Le Père FouettardPere Fouettard is seen to this day during Christmas in Belgium and France. His name means "Whipping Father", so you can already guess how he brings holiday cheer.
The safeword is "Jingle Bells"
But that's not the scary part of this story, that's the happy part (as some BDSM aficionados may have already knew, in their heart of hearts).
As the story goes, Le Pere Fouettard began his life as an innkeeper, kidnapper, and murderer. In that order. One day while keeping his inn, three rich boys on their way to a religious boarding school stay at his inn. Recognizing their wealth, Le Pere, along with his wife, decides to capture and murder the children (by slitting their throats) to take their money. Because that somehow seemed like a better idea than ransoming them to their wealthier parents. While trying to make dead boy stew, Saint Nick shows up and resurrects the boys. Seeing his power, the innkeeper repents and becomes St. Nick's partner by becoming the official whipping boy of bad boys and girls. Because that made sense to the French in the 12th century.
One of the few non-Germanic characters on this list is the Gryla, who comes from Icelandic mythology and is a terrifying lady ogre whose preferred diet was naughty children. Because nothing says "Merry Christmas!" quite like being fed to a horrifying crone. According to Jon Arnason, Gryla is described thusly:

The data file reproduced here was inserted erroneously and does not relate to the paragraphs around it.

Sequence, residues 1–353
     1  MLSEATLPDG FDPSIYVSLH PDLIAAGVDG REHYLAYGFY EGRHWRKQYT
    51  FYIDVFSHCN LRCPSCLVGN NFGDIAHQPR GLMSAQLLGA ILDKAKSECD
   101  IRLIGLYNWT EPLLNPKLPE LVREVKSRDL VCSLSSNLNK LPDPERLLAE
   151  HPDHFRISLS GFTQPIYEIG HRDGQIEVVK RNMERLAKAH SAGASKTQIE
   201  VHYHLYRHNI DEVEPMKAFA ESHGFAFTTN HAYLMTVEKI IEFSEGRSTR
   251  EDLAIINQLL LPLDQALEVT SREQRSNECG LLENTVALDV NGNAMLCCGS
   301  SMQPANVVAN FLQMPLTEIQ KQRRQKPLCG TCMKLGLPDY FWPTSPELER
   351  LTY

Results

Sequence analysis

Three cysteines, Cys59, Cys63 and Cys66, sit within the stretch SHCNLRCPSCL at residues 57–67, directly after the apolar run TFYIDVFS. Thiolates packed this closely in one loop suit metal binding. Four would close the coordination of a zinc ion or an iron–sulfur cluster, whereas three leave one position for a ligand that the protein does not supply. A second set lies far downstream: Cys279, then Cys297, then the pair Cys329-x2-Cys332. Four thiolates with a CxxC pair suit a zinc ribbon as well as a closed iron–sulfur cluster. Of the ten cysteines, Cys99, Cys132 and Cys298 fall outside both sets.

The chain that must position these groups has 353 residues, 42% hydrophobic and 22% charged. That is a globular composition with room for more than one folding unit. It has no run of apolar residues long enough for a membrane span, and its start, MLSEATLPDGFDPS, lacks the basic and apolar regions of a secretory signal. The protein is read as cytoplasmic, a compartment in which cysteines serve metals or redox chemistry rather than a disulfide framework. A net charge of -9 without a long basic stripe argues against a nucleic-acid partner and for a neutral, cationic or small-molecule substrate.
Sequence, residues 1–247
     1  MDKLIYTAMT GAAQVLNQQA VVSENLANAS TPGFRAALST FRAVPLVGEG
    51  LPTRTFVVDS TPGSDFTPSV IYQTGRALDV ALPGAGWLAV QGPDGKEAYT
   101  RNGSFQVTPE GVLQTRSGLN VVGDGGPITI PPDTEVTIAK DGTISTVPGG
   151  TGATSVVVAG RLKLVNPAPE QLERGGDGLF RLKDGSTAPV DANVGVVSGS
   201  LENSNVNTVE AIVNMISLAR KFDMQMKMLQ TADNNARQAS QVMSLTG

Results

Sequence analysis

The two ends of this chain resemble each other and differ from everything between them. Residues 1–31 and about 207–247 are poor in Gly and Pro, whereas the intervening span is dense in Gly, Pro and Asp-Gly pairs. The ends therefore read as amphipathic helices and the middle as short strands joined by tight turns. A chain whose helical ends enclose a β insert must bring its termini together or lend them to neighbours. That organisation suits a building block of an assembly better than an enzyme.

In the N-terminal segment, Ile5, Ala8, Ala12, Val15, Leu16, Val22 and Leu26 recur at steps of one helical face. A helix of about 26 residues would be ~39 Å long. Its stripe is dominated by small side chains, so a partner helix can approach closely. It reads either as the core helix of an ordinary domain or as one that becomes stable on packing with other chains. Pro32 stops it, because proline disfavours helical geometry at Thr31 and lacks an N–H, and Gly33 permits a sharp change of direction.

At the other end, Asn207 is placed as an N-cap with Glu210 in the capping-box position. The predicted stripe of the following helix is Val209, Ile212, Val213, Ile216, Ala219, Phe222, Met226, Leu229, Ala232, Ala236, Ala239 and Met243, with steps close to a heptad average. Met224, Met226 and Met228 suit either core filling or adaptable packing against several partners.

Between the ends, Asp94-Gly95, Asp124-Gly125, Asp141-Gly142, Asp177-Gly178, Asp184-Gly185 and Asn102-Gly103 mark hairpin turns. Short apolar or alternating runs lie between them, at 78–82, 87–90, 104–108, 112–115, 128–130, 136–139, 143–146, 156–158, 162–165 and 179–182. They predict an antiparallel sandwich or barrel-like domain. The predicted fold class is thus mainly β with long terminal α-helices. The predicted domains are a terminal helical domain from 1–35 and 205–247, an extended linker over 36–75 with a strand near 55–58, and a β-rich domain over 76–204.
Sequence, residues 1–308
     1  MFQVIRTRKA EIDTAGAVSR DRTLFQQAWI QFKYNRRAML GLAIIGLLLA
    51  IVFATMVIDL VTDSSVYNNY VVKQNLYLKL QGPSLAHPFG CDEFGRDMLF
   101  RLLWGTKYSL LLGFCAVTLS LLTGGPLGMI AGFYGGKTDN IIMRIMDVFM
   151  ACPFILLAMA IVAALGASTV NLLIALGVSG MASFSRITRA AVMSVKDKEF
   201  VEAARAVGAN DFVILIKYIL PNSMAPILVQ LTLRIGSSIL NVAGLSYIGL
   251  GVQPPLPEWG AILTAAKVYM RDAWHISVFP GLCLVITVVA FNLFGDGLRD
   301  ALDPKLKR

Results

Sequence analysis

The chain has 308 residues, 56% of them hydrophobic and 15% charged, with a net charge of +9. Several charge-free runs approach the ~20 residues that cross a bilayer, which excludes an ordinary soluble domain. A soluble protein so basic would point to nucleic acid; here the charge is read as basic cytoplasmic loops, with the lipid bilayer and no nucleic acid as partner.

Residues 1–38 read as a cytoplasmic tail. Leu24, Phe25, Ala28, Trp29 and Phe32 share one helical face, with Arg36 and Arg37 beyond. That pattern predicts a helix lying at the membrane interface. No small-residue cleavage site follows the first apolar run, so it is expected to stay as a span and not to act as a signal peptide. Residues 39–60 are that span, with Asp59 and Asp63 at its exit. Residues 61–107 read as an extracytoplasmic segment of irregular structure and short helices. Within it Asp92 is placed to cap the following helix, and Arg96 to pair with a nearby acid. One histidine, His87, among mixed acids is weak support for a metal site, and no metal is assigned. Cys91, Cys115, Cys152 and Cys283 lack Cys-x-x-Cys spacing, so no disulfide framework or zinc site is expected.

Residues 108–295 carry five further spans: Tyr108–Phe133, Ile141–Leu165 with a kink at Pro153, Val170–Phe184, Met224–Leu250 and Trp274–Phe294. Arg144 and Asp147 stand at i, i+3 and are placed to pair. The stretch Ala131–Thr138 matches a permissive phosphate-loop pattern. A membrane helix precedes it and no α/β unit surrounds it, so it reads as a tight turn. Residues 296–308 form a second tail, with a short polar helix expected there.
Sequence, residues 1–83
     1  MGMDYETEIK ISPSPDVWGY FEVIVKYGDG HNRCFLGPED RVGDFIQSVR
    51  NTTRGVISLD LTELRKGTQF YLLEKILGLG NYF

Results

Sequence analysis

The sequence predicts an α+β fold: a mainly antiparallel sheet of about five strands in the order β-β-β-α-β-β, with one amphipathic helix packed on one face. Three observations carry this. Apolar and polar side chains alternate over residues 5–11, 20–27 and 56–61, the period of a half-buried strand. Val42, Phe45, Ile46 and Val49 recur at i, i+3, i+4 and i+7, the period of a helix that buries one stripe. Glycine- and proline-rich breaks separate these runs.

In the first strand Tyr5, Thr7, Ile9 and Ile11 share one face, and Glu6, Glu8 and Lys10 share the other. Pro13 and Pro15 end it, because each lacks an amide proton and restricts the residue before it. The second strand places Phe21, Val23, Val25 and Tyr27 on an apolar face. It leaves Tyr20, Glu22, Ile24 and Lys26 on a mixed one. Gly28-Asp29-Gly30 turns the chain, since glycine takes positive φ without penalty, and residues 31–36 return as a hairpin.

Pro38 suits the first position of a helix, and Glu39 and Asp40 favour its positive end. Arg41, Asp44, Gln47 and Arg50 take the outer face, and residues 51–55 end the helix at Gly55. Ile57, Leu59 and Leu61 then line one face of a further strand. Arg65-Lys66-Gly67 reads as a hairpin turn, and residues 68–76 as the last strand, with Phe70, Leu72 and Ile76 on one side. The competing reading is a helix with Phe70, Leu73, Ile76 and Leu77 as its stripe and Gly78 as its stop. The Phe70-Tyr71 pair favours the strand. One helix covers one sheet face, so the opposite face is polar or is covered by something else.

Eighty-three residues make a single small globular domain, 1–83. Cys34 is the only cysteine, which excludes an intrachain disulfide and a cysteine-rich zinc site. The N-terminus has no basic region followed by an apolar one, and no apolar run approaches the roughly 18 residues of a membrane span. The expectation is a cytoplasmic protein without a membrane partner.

“Grýla has three heads and three eyes in each head ... Horribly long, curved fingernails, icy blue eyes at the back of the head and horns like a goat, her ears dangle down to her shoulders and are attached to the nose in front. She has a beard on her chin that is like knotted yarn on a weave with tangles hanging from it, while her teeth are like burnt rocks in a grate.”
In 1746, a decree was issued prohibiting the use of Grýla and the Yule Lads, as they served no function other than to scare small children. This has lead to the crafting of a few songs which claim that she has died, however a few of them suggest that she could always return to the living, should the number of naughty children increase.
WerewolvesYes, werewolves. Although we typically try to limit the lycanthropes to Halloween, B-movies, and erotic fiction, Werewolves have been a part of the Yuletide horror fest since the Middle Ages.
As you can see, they come in B-grade erotic holiday fiction as well!
According to The World Encyclopedia of Christmas, Olaus Magnus, a Swedish folklorist, wrote that werewolves gathered on Christmas night to “rage with wondrous ferocity against human beings, [attacking their homes and devouring the inhabitants]” in Prussia, Livonia, and Lithuania. But the Christmas-werewolf connection doesn't stop there.
In modernity, it has since been reduced, reused, and recycled to the claim that simply having the audacity to be born on Christmas Day is cause enough to make a person a werewolf, as well. The 1961 film The Curse of the Werewolf explains that being born on December 25th is mocking Jesus Christ and so you must be punished. Yeah, that Jesus; bringing the Christmas cheer by punishing not just a fetus for having the nerve to be born, but damning any who fall into his or her wake every year. What a diva.